Learning these sight words is central to developing their ability to read and write, so it’s important that this information is drilled into them so well, that once they learn them, they do not forget them easily.

And one of the most effective ways to do this is by repetition. Repeat, repeat, and repeat some more.

You don’t have to worry about the preschooler getting bored with this, because it is a fun challenge for them and they do not get bored with it easily.

You can break the monotony up for yourself when teaching by moving on from one word to another, but always coming back to previous words at a later stage.


It’s very important that you lavish praise on the child each and every time they get a word right.

This is called positive reinforcement, and it will encourage your child to try to get that word over and over, and to get more and more words right.

This is an important part of making the activity seem fun, and make it something that they want to participate in, and it also encourages them to do their best.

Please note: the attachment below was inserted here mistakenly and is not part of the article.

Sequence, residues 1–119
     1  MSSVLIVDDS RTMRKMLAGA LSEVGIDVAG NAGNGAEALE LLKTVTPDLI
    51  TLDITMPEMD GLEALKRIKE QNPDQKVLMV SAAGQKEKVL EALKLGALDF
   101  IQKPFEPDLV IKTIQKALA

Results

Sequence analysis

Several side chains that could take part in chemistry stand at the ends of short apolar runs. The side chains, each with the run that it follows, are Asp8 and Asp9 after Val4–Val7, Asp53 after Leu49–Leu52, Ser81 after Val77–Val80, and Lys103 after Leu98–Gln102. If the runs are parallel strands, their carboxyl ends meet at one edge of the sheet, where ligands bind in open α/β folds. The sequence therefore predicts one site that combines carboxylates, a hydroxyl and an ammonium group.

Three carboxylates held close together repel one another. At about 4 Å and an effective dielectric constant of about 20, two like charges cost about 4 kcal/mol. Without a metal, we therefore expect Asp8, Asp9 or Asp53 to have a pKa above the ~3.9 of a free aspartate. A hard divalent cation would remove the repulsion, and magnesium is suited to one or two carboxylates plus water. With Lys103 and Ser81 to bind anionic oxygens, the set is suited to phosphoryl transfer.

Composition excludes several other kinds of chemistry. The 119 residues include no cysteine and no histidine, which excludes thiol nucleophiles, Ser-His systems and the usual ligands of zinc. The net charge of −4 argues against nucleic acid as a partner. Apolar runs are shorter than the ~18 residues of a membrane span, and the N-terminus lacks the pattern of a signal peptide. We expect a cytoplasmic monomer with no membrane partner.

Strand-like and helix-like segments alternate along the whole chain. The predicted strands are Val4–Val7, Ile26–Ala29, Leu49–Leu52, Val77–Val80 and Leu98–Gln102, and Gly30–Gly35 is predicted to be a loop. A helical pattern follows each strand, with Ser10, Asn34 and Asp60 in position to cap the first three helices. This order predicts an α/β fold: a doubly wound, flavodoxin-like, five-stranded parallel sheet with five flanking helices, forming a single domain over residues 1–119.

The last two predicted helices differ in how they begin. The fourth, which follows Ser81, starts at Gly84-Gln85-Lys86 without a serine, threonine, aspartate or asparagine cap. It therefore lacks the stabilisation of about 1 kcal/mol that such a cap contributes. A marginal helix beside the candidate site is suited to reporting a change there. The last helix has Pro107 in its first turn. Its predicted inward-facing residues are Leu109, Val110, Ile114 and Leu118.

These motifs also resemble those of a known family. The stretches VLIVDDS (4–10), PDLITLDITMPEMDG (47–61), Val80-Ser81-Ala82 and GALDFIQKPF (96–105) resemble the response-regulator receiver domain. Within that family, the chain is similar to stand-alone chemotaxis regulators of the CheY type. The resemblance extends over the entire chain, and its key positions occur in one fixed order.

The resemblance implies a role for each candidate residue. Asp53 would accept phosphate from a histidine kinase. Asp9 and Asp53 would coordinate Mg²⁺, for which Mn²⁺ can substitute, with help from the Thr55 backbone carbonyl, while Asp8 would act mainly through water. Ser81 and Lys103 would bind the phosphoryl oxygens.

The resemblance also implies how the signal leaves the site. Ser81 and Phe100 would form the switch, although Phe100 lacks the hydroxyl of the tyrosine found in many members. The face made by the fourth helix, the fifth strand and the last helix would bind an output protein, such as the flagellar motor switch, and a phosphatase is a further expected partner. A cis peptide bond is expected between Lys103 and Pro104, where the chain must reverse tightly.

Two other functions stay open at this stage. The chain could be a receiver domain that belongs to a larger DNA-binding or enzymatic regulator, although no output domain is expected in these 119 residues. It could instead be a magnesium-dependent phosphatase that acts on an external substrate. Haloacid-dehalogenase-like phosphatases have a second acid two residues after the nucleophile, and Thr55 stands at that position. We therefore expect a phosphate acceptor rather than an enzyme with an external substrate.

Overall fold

When these sight words are so clearly obvious to you when you are teaching them, it can be easy to forget that the sight of these words is still relatively new to the preschooler.

So even if you’ve gone through some of the words several times, the kid may still forget occasionally.

That is why it’s so important that you are patient with them. It takes as long as it takes, and they will get there eventually.

8 Easy Ways to Teach Sight Words to Preschoolers

8 Easy Ways To Teach Sight Words To Preschoolers

As promised, here is our list of 8 easy ways to teach sight words to preschoolers. The method for each way is described in full.

1. Play A Game With The Child

This is one of my favorite methods because it gets the kids involved right from the start.

You’ll also find out quickly if they understand what you are trying to teach them. If not, then you have an opportunity to correct their understanding before moving on.